Wednesday of the 1st Week of Advent
- Dan’s Deliberations, Discoveries, & Declarations
- Today in Catholic History
- Catholic Apologetics
- A Franciscan’s Saint of the Day
- Reflection on article of the OFS Rule
Last Sunday and today, I am sharing information on two objects used by all people in a secular way, the song “The Twelve Days of Christmas” and the “Candy Cane”. However, these items started out as ways to catechize Catholics during times of suppression from governments of the day.
The Candy Cane
(Adapted by Charles Kirkpatrick)
The candy cane is a long-time Christmas tradition. Everywhere we look we see them. Did you know they are based on Holy Scripture? Here are two verses from both the Old and New Testaments:
“The LORD is my shepherd; I shall not want” (Psalm 23:1).
“He himself bore our sins in his body on the tree, so that we might die to sins and live for righteousness; by His stripes you have been healed” (1 Peter 2:24).
The candy cane is a long-time Christmas tradition. Everywhere we look we see them. They are used as decorations on Christmas trees and, of course, they are one of the most popular of all Christmas treats. I have heard several stories about the history and meaning of the candy cane. I don’t know if they are true, but I do think that the candy cane can teach us a few things about the true meaning of Christmas.
First of all, if you look at the candy cane like this it looks like the letter J. Jesus starts with the letter J, so that should remind us of Jesus and help us to remember that Christmas is Jesus’ birthday.
If you look at the candy cane this way, it looks like a shepherd’s crook. The shepherd used his crook to keep the sheep from wandering away from the flock and getting lost or eaten by a wild animal. The Bible says, “The Lord is my shepherd.” The candy cane should remind us that Jesus is our shepherd and He will keep us from wandering away and getting lost or hurt.
The candy cane is mostly white, a symbol of purity. That should remind us that Jesus was the spotless Lamb of God and that because He came to be the sacrifice for our sin, we can become as white as snow.
As you know, the candy cane has three red stripes. The Bible tells us that before He was crucified, Jesus was beaten with a whip which made blood-red stripes across his back. The Bible says that we are healed by those stripes. The stripes on the candy cane should remind us that Jesus suffered and died, so that we can have everlasting life.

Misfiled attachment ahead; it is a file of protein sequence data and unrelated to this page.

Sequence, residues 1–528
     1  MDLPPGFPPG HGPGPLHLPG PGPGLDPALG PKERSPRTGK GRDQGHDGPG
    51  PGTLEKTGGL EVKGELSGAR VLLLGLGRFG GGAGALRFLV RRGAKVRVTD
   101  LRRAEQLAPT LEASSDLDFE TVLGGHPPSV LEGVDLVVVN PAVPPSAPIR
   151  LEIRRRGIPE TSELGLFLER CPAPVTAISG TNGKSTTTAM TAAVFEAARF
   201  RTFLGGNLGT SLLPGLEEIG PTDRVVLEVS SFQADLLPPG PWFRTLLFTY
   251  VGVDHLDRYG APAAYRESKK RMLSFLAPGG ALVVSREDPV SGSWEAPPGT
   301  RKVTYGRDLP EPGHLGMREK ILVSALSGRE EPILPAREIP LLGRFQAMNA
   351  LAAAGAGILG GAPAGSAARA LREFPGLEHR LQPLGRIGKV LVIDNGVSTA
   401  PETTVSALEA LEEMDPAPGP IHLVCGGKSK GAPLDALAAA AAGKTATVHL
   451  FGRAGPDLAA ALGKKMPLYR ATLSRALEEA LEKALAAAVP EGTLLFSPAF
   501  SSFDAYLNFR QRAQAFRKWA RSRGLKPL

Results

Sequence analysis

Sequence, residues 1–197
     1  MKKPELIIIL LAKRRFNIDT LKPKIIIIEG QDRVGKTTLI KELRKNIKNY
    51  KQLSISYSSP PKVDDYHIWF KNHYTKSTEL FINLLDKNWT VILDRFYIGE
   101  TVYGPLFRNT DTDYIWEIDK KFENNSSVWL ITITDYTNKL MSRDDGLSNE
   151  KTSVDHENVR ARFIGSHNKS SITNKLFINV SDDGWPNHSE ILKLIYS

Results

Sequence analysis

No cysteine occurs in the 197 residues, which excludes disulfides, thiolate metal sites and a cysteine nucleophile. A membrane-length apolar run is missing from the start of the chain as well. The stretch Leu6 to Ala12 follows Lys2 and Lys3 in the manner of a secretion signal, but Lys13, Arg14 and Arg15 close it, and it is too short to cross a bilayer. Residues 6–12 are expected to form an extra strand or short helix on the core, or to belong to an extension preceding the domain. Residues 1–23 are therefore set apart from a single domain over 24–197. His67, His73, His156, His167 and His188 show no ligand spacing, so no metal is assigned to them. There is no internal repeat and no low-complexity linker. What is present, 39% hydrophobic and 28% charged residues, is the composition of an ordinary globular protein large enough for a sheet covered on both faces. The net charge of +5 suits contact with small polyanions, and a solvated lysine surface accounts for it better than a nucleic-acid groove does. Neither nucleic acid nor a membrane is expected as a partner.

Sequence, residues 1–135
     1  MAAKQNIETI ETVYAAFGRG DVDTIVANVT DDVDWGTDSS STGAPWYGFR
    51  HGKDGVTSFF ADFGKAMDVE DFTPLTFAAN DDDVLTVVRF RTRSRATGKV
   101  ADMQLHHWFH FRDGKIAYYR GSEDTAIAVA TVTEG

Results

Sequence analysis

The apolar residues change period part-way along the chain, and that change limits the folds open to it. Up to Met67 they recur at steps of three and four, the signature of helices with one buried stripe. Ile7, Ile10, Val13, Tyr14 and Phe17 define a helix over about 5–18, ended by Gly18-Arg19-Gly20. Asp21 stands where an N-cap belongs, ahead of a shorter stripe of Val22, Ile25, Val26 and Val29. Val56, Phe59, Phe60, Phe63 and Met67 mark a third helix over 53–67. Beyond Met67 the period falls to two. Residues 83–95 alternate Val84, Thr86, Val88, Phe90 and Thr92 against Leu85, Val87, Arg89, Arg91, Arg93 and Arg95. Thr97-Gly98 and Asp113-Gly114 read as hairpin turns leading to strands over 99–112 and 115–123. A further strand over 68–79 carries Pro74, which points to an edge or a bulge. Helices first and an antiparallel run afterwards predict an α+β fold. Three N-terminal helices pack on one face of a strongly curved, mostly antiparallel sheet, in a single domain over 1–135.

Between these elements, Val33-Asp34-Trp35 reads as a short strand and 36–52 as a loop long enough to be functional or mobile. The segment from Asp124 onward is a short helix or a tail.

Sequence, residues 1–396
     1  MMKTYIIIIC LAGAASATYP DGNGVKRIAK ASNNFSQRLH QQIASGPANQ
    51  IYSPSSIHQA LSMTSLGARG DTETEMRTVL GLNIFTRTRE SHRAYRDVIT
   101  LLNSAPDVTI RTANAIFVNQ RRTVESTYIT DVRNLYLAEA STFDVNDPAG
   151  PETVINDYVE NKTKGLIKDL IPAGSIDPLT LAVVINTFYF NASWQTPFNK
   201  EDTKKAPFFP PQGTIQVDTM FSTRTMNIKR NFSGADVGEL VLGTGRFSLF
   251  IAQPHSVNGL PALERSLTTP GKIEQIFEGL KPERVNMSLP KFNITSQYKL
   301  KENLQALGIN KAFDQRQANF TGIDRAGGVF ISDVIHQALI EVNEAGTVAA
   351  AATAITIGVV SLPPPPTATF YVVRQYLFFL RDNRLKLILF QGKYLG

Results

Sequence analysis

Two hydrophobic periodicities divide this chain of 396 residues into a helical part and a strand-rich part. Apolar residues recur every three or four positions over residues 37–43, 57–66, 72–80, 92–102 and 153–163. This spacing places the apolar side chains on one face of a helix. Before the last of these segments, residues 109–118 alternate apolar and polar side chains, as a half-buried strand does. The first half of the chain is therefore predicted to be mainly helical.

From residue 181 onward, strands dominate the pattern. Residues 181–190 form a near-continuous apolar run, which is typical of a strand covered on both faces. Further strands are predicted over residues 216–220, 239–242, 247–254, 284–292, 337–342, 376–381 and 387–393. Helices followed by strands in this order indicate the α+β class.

To many people, the candy cane is a meaningless decoration seen at Christmas time or just a piece of candy to be eaten and enjoyed. I hope that this year, every time you see a candy cane, you will be reminded of the true meaning of Christmas.
† 663 – Fourth Council of Toledo takes place.
† 749 – Death of Saint John of Damascus, theologian
† 1301 – Pope Boniface VIII’s degree Ausculta fili (only nominee)
† 1443 – Birth of Pope Julius II, Albisola, Republic of Genoa, Pope (1503-13), patron of Michelangelo, Bramante, Raphael, (d. 1513)
† 1484 – Pope Innocent VIII issues the Summis desiderantes, a papal bull that deputizes Heinrich Kramer and James Sprenger as inquisitors to root out alleged witchcraft in Germany and leads to one of the severest witch hunts in European history.
† 1492 – Christopher Columbus (A Secular Franciscan) becomes the first European to set foot on the island of Hispaniola.
† 1590 – Niccolo Sfondrati chosen Pope Gregory XIV
† 2008 – Death of Patriarch Alexy II of Russia, head of the Russian Orthodox Church (b. 1929)
(From the “On This Day” Blog Site
“Today in Catholic History”
My reason and purpose for this section on my blog is to provide “scriptural confirmation” for our beliefs and doctrines, not to cause dissention or opposition with my fellow believers in Jesus Christ, yet not in union with the Roman Catholic Church. Whether God speaks to us through the “Bible”, or through “Tradition”, it is the Holy Spirit who inspires the “Word” from which all authentic tradition flows.
Tradition can be separated into two aspects: oral and behavioral. Oral tradition includes written forms. After all, it ALL started with oral tradition. Behavioral tradition includes Baptism, Eucharist or Lord’s Supper, Laying on of hands for healing, Intercessory prayer, and Ordination.
All Scriptural verses are taken from both the Revised Standard Version: Catholic Edition of the Holy Bible and the King James Version of the Holy Bible.
Christ’s Divinity, Part 1:
“For to us a child is born, to us a son is given; and the government will be upon his shoulder, and his name will be called ‘Wonderful Counselor, Mighty God, Everlasting Father, Prince of Peace’” (Isaiah. 9:6). RSV
“For unto us a child is born, unto us a son is given: and the government shall be upon his shoulder: and his name shall be called Wonderful, Counsellor, The mighty God, The everlasting Father, The Prince of Peace.” (Isaiah. 9:6). KJV